A recent study by Heinz Marketing and Integrate has looked at the how and why of marketing maturity in an environment driven by consumers.

As consumers are increasingly somewhere on a spectrum between digitally fluent or at least more digitally astute, businesses need their marketing operation to optimise customer experiences.

Nothing new about this, but to help, the report highlights 3 pillars of marketing maturity:

Firstly, your marketing structure in terms of roles, responsibilities, goals and communications and how they align with each other and with the rest of the business.

Secondly, how you use the technology you have effectively, and with impact.

Thirdly, effective use of your marketing strategy whether it’s marketing-driven, buyer-driven or sales-driven.

Together, these three pillars help you map your level of marketing maturity in stages:

• from low-tech, makeshift and reactive
• to more defined, co-ordinated, sales-driven programmes, teams and goals, and standard tech
• to intentionally and actively managed aligned goals, managed and reported use of tech, and some multi-channelled strategy
• to buyer-driven, intentionally managed goals with fully integrated tech supporting an optimised multi-channelled strategy.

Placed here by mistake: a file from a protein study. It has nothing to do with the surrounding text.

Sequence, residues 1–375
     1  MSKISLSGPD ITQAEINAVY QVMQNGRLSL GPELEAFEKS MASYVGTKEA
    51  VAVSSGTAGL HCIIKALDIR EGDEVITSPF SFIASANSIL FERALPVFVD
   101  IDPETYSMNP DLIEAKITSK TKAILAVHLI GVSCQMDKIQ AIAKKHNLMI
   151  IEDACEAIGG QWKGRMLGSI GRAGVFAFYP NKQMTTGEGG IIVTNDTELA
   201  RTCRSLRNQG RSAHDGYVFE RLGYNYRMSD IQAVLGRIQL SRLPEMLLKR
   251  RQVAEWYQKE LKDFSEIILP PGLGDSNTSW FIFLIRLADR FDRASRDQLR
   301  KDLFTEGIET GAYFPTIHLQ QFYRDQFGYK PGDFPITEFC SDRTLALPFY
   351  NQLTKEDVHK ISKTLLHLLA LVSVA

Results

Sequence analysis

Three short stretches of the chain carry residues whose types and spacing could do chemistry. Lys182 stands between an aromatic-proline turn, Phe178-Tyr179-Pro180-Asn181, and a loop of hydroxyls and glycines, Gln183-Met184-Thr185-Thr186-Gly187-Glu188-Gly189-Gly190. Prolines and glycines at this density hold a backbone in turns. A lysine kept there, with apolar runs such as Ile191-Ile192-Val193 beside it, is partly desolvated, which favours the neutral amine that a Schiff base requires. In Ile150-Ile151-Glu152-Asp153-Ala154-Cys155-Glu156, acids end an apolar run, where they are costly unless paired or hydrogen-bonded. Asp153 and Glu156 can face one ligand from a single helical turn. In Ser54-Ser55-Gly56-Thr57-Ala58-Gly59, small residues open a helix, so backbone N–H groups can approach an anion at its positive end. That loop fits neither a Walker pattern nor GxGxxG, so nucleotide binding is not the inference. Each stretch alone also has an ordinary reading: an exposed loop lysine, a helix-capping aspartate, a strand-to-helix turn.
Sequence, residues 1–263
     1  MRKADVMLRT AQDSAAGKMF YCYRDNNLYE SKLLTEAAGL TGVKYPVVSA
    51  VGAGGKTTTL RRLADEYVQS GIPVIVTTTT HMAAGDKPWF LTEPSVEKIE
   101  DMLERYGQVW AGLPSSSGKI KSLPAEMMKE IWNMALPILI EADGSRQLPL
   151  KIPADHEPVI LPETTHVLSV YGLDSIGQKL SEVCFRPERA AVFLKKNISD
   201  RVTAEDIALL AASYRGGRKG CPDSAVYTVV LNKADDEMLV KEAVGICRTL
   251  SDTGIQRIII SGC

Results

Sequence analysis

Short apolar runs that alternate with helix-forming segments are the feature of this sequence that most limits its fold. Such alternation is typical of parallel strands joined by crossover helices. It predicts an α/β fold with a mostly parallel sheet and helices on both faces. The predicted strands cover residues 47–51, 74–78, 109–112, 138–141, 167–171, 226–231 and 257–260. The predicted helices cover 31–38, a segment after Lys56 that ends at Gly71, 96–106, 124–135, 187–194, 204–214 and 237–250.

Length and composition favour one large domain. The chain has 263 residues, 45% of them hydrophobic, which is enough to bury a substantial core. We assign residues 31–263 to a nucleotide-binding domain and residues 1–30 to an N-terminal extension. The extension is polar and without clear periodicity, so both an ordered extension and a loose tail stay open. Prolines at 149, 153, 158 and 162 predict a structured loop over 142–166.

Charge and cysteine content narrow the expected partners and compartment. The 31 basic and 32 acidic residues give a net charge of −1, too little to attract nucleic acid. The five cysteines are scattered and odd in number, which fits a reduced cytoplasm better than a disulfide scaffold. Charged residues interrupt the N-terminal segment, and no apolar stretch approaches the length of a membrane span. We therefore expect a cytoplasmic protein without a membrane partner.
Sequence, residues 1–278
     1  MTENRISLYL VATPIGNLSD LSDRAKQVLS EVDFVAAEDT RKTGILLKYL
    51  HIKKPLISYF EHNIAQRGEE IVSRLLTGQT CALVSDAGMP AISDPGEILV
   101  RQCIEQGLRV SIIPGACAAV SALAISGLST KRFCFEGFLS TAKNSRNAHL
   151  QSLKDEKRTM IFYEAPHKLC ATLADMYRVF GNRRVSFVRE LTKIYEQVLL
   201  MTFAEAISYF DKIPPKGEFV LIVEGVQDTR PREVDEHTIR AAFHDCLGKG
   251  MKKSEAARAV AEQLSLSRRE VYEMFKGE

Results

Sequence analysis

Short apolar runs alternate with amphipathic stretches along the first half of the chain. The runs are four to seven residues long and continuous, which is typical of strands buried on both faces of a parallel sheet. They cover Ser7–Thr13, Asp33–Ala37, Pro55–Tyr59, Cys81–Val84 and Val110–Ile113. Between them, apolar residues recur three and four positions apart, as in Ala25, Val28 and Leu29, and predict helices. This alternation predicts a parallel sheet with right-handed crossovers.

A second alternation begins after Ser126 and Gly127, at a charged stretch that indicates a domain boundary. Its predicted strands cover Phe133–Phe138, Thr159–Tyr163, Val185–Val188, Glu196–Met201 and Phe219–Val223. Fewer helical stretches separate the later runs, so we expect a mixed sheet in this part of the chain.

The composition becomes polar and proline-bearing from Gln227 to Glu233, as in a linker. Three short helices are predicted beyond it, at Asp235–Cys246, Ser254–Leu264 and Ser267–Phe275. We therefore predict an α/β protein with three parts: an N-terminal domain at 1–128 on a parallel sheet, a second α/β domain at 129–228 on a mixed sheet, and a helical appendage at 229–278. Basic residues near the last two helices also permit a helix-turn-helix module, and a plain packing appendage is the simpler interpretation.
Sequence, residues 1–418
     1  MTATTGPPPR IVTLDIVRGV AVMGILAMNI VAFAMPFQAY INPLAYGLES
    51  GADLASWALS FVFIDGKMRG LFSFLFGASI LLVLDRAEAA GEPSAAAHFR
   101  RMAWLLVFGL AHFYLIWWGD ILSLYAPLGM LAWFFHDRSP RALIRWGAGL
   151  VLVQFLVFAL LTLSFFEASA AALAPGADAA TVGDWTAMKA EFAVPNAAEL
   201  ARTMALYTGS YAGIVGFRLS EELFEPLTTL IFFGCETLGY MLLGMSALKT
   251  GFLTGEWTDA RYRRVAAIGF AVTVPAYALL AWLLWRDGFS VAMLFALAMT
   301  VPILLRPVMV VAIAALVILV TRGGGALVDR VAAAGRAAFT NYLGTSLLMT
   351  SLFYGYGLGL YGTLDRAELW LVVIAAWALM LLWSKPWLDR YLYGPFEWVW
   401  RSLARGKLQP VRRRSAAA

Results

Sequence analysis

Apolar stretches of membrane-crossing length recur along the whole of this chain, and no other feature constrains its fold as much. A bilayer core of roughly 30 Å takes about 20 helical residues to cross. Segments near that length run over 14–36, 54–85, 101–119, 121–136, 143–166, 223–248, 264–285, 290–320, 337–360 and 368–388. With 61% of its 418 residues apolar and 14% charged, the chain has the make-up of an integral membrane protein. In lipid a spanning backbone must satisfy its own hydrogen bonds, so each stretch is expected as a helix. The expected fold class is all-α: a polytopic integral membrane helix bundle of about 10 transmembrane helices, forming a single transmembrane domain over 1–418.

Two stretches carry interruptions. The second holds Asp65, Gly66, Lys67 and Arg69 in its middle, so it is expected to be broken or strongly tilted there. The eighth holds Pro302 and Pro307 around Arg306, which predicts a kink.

So, it might be worth asking whether you think that your current strategy, tech, and structure supports your goals. Are your leads likely? Do your outreach emails get anywhere? Using a single channel just won’t cut it.

But how are you going to use the channels at your disposal? What does the purchase journey look like? Do you personalise your offering? Are you catering for precision demand?

One approach would be to think about your structure and in the light of that, define your strategy. Then you can see what tech you need to apply, using better quality data and management, to carry out your strategy.

Put simply, you need to align your marketing goals with your business goals from a customer-centric perspective so you can offer a better targeted and personalised customer experience.

But first, do an honest appraisal of your marketing position.

Is it ad hoc, defined and co-ordinated, or managed and intentional?

Because once you know where you are, you can decide where you need to go next.